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Ice sheet research: 'bigger tides in North Wales'

Credit: NASA/UPI/PA Images

Joint research by scientists at Bangor University claims the effects of melting ice sheets will go far beyond just changing water levels. It could have further reaching impacts on global climate.

They say along some coastlines the tidal range will be greatly increased, for example the North Wales coastline, whilst along others, like South Wales, the tidal range will be reduced. Moreover many functions of the ocean will be altered by the changes in the tides.

Tides currently play a key role in sustaining the large-scale ocean currents which redistribute heat from the tropics to higher latitudes and are responsible for the mild climate in the UK. Predictions provided by the new model show that the collapse of the ice sheets will significantly impact the global tides which could in turn impact ocean current systems which are important for our climate.

The global changes in the tides will also have profound impacts on a wide range of other ocean functions, such as changes to the regions of the ocean which absorb carbon dioxide from the atmosphere, and on the ecosystems of the temperate (shallow) shelf seas surrounding the continents.

– Dr Sophie-Berenice Wilmes, Bangor University

Cardiff researchers find new species of Orangutan

A Sumatran Orangutan. Credit: Junaidi/Xinhua News Agency/PA Images

An international team, including researchers from Cardiff University, has discovered a new orangutan species in Indonesia.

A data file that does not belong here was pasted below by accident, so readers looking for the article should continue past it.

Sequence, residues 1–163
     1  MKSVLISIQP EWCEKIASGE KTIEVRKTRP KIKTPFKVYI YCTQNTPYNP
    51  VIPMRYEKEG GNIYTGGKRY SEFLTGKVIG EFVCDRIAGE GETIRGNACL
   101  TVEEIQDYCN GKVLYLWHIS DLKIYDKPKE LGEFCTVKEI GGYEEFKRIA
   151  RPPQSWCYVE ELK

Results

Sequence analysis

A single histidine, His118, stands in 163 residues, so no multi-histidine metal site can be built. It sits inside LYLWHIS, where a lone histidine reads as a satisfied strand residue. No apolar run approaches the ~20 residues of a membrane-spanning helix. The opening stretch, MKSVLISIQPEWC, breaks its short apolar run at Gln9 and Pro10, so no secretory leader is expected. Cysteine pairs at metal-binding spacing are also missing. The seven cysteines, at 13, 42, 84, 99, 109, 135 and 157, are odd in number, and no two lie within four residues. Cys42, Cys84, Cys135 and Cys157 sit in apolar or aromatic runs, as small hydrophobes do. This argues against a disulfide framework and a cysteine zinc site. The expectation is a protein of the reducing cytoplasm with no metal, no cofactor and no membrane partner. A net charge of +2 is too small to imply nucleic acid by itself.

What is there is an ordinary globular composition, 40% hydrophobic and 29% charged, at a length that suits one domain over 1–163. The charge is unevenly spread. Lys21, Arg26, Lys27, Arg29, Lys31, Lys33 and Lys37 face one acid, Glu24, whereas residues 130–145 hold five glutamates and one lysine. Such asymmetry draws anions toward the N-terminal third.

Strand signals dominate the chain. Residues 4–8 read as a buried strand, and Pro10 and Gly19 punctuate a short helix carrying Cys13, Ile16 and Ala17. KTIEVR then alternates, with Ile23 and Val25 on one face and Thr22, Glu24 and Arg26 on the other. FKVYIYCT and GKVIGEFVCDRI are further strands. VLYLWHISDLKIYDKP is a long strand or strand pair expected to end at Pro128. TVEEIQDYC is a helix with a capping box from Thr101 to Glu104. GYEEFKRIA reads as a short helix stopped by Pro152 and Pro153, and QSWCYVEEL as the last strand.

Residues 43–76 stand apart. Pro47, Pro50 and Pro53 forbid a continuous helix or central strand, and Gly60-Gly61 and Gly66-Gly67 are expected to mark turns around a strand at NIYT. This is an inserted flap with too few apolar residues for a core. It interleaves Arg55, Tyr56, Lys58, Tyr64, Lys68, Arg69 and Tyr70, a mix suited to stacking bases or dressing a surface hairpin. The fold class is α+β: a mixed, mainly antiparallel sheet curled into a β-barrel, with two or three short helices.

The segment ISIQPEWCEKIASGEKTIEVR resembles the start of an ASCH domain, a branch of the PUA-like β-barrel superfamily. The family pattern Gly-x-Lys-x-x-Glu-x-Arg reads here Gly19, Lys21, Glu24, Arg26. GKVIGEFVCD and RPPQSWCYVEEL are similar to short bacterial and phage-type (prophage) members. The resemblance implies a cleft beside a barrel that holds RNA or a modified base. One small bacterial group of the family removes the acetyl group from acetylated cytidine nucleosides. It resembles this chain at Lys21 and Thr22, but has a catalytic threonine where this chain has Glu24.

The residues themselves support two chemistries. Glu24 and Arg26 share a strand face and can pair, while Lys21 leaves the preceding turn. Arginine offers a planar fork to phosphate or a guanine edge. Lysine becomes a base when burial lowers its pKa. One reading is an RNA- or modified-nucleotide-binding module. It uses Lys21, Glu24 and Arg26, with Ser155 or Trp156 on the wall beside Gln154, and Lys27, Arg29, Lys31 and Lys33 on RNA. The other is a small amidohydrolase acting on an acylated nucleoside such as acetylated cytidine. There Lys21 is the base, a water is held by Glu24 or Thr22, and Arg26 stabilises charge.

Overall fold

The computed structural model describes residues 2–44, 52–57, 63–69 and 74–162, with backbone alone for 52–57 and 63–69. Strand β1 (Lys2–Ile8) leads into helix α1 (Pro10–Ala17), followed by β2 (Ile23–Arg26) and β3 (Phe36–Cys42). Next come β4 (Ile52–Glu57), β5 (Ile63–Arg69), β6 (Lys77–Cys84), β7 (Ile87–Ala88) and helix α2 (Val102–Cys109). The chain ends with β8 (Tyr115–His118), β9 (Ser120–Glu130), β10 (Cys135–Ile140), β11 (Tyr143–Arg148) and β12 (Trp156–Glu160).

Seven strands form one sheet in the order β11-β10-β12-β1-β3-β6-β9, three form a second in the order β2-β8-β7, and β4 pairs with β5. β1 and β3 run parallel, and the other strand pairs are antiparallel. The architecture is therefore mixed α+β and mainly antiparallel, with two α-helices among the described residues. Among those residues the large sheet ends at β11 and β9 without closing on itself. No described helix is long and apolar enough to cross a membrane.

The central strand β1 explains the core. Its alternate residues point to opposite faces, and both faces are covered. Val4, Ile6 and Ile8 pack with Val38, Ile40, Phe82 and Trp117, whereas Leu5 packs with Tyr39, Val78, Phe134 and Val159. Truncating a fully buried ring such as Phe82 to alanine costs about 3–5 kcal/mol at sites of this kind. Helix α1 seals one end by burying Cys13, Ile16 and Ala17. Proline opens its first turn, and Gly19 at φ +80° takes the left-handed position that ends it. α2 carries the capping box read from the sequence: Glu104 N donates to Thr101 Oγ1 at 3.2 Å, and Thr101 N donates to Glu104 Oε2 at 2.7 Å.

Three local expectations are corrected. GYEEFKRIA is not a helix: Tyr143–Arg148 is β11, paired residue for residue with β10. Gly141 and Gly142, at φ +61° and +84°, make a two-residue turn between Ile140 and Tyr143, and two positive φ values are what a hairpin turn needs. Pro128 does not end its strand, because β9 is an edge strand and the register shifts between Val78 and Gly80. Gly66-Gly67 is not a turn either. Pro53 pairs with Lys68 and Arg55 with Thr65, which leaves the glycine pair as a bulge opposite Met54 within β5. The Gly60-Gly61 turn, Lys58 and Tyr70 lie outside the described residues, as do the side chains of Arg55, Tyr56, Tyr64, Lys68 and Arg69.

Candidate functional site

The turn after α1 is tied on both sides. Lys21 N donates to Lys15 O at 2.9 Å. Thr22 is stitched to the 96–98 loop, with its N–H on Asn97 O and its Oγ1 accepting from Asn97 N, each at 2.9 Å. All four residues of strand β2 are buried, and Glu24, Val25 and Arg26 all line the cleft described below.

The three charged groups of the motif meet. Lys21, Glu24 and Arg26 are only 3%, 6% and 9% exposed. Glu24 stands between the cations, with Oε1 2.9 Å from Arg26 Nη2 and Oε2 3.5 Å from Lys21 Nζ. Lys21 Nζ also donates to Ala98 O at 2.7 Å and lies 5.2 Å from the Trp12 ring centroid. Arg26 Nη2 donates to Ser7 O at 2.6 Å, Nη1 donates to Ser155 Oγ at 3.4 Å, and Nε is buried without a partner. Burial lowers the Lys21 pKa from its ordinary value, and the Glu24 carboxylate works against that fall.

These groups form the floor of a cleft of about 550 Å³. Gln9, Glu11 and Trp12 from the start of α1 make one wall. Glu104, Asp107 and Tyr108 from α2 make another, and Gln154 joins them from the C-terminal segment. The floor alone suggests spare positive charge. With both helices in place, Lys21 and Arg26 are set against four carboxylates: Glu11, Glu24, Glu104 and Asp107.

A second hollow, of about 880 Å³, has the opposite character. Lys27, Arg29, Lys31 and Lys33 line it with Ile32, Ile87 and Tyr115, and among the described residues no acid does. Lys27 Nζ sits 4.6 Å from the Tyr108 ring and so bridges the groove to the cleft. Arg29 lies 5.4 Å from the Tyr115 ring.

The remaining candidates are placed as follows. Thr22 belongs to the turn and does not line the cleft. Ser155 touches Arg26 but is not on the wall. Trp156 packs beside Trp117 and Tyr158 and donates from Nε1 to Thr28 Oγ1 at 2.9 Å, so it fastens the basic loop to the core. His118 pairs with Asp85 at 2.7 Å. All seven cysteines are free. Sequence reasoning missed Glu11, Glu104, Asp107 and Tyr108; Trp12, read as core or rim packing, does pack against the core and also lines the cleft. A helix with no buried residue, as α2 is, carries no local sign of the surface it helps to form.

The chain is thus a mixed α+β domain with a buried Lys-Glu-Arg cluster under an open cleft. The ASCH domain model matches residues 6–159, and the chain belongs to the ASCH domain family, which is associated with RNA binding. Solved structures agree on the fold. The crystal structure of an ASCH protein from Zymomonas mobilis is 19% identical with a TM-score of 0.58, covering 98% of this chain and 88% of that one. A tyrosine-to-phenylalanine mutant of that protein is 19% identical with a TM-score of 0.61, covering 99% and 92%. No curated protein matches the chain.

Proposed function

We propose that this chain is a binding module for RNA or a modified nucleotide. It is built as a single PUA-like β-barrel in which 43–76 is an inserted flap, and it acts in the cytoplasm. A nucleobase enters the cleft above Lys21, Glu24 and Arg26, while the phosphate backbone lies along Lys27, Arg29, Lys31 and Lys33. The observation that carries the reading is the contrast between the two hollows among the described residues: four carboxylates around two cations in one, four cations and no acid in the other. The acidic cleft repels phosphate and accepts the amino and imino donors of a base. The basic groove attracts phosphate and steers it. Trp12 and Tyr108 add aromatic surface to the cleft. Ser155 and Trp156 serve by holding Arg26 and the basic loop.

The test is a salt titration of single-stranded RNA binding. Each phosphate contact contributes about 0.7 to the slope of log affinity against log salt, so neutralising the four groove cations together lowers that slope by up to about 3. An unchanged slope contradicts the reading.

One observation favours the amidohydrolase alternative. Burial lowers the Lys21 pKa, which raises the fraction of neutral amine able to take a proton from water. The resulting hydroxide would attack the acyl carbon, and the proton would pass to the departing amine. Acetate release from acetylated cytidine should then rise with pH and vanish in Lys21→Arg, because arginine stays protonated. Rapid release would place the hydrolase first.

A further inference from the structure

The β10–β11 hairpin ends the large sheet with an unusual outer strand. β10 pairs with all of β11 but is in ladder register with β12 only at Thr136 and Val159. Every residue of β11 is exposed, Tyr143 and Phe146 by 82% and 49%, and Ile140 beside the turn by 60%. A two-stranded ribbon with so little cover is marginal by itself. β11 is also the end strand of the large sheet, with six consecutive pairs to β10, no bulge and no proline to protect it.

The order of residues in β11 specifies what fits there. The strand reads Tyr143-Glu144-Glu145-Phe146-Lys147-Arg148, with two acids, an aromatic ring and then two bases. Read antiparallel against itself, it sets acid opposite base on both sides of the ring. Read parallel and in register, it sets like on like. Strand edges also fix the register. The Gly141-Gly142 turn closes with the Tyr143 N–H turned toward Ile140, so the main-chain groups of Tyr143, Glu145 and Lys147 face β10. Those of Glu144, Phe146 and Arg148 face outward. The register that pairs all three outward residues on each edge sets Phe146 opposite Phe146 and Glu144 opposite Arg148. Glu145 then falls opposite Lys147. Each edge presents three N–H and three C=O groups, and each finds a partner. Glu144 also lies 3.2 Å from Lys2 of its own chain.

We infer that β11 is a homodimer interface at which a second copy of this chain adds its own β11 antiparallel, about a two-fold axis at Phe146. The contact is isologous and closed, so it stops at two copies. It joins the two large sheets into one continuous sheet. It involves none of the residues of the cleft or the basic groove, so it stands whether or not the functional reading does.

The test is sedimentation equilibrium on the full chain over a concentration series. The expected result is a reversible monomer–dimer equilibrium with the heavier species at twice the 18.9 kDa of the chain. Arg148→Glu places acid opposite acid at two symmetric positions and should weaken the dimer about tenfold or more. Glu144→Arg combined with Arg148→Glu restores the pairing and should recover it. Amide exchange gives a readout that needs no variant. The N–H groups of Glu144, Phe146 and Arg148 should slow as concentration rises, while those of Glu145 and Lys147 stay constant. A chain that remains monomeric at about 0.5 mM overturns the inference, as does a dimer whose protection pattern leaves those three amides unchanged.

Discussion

Pongo Tapanuliensis, otherwise known as the Tapanuli Orangutan, was found in the three Tapanuli districts of North Sumatra after analysis of the ape inhabitants of the Batang Toru Ecosystem.

The Batang Toru populations of orangutans in Sumatra were only rediscovered fairly recently in 1997. However, it wasn’t until 2013 that the researchers received the skeleton of an adult male orangutan that was killed during conflict, and we realised that there were significant physical and genetic differences in these apes.

By comparing the skull to other orangutans, it was clear that this skull showed dramatic differences. This suggested that the Batang Toru population was potentially unique, so our international team of researchers worked together to gather further evidence

– Dr Benoit Goossens, Cardiff University’s School of Biosciences

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'Backpacks' for bees being developed at Bangor

Credit: Frank Rumpenhorst/DPA/PA Images

Lightweight bee “backpacks,” powered by the insects’ own electrical energy, are being developed at Bangor university so scientists can track and study them.

An ecologist and a microsystems engineer are working together to develop micro-backpacks for bees that will enable the bees to be followed by small drones as they fly from plant to plant.

It is hoped scientists will learn more about where the bees collect nectar and what might be affecting their numbers.

Existing bee monitoring devices face limits due to their weight, range, and how long their power source lasts- and these are the problems that we’ve set out to resolve using cutting-edge micro-technology.

We have proven our ability to harvest the bee’s electrical energy to enable us to do away with the need for a battery and our end product will weigh only a third of the bee’s body weight, or less than a raindrop. This solves the weight and battery longevity problems.

Our next step is to develop a mobile receiver to track and follow the bee’s transmitted signal as it forages.

– Dr Cristiano Palego, Bangor University
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